- Mental and Physical Disability Support
- The Equality Act and Definition of Disability
- Reasonable Adjustments
- Funding for Reasonable Adjustments
- Personal Emergency Evacuation Plans (PEEPS)
- Information for Applicants for a New Role
- Information for Managers
- Access to Work
- Access to Work - Mental Health Support
A Reasonable Adjustment is a change to remove or reduce the effect of an employee's disability or impairment so they can do their job to the best of their ability.
Reasonable adjustments must be considered for both physical and mental health conditions. They are the foundation of support under the Equality Act 2010.
It is important to allow the person needing the adjustment to take the lead. People often know exactly what support they need or how to remove a particular barrier.
If additional advice, guidance or support is needed, Occupational Health can provide expert advice on reasonable adjustments and workplace accommodations.
Reasonable adjustments may be removing physical barriers, providing short-term support, changes to a job role or the provision of additional equipment or support. The following is not a complete list but provides some examples of reasonable adjustments.
Factors to be weighed up in determining reasonableness are:
- how effective the adjustment is in preventing the disadvantage
- how practical it is
- the cost of making the adjustment*
- the potential disruption caused
- the time, effort and resources involved
- amount of resources already spent on making other adjustments
- the availability of financial or other help.*
Examples of adjustments:
- Providing equipment such as an adapted keyboard for someone with arthritis to reduce discomfort.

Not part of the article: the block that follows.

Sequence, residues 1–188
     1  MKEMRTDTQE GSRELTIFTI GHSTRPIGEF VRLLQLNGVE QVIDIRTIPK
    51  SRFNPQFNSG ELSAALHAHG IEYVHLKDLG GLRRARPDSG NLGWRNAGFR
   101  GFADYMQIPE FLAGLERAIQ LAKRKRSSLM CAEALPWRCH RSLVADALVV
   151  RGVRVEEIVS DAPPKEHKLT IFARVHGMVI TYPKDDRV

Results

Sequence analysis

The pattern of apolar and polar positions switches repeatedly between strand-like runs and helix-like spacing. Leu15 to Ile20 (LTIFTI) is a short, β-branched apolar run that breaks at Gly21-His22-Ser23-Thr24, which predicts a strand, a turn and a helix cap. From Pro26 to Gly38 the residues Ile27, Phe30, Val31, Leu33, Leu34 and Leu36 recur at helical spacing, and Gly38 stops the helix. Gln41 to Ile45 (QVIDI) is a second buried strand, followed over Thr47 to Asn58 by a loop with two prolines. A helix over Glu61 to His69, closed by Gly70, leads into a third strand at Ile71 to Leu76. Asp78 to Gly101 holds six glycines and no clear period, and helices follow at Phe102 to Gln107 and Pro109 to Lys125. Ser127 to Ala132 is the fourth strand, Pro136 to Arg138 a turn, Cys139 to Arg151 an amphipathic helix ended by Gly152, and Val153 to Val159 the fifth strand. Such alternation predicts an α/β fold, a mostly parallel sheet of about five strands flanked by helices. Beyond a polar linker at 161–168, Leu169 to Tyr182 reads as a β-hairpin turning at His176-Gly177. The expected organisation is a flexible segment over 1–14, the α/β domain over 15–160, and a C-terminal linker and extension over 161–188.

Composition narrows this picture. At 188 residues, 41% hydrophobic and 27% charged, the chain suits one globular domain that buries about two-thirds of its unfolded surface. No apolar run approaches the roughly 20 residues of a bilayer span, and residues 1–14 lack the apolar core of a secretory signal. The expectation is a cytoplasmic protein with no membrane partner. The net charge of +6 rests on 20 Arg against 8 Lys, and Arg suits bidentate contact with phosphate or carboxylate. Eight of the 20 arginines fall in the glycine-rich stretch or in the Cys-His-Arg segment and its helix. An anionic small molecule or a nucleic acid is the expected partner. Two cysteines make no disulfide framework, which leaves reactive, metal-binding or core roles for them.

- Phased return to work after a period of absence because of severe depression - gradual re-entry to work to develop stamina, rebuild confidence and check any additional adjustments are effective
- Reallocating job tasks and working practices - if someone has a mobility issue and their role requires on-site meetings, assessing whether those meetings can be done via remote technology.
- Flexible working - allowing flexible working hours to enable additional breaks to overcome fatigue.
- Change of location - providing a quiet space for an individual who has difficulty with frequent interruptions and distractions in an open plan or busy office. Or allowing somebody on campus who is unable to work from home for mental health reasons.
The majority of adjustments are relatively inexpensive if not free. Cost can be a major factor when deciding whether an adjustment is reasonable
*It is important to remember that it is the resources of University of Exeter as a whole that must be considered and not just your department, division or school.
This may apply if adjustments are needed to office equipment. The starting point is to complete a DSE assessment. Full information can be found on the University of Exeter Health and Safety SharePoint.
Accessible parking may be a reasonable adjustment for physical or hidden disabilities. Those requiring accessible parking on campus should consult Guidance for University staff: Parking support
It is the responsibility of the employer to fund any reasonable adjustments required. The individual is not required to pay towards these costs. Most reasonable adjustments have minimal or no cost. Click here for information on funding